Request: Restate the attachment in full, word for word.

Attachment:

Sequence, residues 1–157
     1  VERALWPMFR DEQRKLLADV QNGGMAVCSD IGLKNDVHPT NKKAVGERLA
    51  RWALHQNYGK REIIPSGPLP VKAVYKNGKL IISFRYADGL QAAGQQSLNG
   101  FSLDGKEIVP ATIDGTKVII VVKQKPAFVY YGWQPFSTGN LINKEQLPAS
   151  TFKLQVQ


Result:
Sequence, residues 1–157
     1  VERALWPMFR DEQRKLLADV QNGGMAVCSD IGLKNDVHPT NKKAVGERLA
    51  RWALHQNYGK REIIPSGPLP VKAVYKNGKL IISFRYADGL QAAGQQSLNG
   101  FSLDGKEIVP ATIDGTKVII VVKQKPAFVY YGWQPFSTGN LINKEQLPAS
   151  TFKLQVQ